The cam follower 98 is urged in clockwise direction about pivot pin 84 by a spring 114 that may be connected between the arm 82 and the motor.

As seen in FIGS. 1 and 3 the distance of the peripheral edge 116 of cam 112 from shaft 114 increases linearly with the juncture of the low portion 118 and high portion 120 thereof being defined by a shoulder 122. The cam 112 is arranged to rotate in a clockwise direction. Its face may be provided with indicia indicating the minutes of time elapsed since shoulder 122 has moved past follower 98.

Arm 124 is pivotally connected to base 12 by a pin 126. It includes a horizontally extending flange 128 the underside of which supports a switch 130 having an operator 132.

An elongated pressure pad 134 is supported on the rear wall 136 of arm 124 to engage operator 94 on switch 92 as will be explained herein.

At its end away from pin 126 arm 124 supports switch contactor 138 which is disposed at one end of an elongated resilient tab 140 which has its other end coupled to the arm 124. The position of the contactor 138 relative to arm 124 can be adjusted by advancing elongated threaded member 142 which bears against the resilient tab in and out of a threaded aperture in the arm.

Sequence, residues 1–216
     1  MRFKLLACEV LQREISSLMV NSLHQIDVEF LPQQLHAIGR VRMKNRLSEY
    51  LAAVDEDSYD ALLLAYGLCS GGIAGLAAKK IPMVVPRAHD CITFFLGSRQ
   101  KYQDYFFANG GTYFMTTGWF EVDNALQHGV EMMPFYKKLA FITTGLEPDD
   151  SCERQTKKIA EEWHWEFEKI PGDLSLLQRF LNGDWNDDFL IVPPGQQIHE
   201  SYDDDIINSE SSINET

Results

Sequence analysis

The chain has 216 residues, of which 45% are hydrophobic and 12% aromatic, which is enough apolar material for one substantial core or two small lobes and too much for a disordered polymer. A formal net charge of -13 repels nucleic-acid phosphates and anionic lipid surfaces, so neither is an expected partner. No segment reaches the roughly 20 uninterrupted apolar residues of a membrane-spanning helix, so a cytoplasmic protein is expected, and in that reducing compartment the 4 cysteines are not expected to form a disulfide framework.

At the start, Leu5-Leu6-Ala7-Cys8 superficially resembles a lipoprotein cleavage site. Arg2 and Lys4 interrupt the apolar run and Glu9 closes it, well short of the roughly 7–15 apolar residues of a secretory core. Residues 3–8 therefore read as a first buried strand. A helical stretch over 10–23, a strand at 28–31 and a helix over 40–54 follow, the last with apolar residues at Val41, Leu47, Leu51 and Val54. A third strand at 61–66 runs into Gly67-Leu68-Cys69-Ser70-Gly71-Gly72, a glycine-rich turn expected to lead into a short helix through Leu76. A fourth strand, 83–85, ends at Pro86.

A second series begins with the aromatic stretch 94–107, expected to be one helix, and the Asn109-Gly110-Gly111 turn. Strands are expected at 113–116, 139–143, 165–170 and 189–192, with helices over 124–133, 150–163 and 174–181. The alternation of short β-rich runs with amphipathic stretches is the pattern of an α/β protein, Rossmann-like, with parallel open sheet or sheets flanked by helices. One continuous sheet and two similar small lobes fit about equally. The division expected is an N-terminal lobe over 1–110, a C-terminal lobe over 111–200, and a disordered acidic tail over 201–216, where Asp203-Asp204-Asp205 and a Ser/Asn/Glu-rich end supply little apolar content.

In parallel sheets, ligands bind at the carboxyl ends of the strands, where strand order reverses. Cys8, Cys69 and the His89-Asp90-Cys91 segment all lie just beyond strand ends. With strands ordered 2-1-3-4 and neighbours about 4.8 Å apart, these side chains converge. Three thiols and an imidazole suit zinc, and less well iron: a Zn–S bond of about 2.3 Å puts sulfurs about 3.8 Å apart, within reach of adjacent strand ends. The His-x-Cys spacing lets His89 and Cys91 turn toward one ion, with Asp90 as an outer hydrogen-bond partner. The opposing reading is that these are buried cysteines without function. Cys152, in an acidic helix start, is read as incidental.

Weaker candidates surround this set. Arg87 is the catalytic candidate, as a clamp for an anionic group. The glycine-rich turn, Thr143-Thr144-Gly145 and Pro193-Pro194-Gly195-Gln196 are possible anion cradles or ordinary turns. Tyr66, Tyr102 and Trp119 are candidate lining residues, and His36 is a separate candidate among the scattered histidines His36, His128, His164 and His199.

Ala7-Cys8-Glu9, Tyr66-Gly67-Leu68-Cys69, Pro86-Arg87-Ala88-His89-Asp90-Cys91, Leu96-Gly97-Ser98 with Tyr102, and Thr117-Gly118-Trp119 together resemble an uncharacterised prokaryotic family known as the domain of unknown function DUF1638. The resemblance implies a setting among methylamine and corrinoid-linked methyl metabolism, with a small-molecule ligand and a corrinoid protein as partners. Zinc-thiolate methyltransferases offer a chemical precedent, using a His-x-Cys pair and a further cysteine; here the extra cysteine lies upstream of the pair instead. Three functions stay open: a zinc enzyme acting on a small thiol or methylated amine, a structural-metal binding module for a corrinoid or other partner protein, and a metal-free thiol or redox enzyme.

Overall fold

The arm 124 is urged counterclockwise about its pivot 126 by a suitable resilient member such as spring 144 which may have one end connected to the arm and its other end connected to the motor support (not shown) for cam 112.

An upwardly extending plate 152 is supported on base 12 near arm 124 by a leg 154. It includes an elongated threaded member 156 extending through a threaded aperture. Member 156 supports a switch contactor 158 which is disposed so that it can engage the switch operator 132 on switch 130.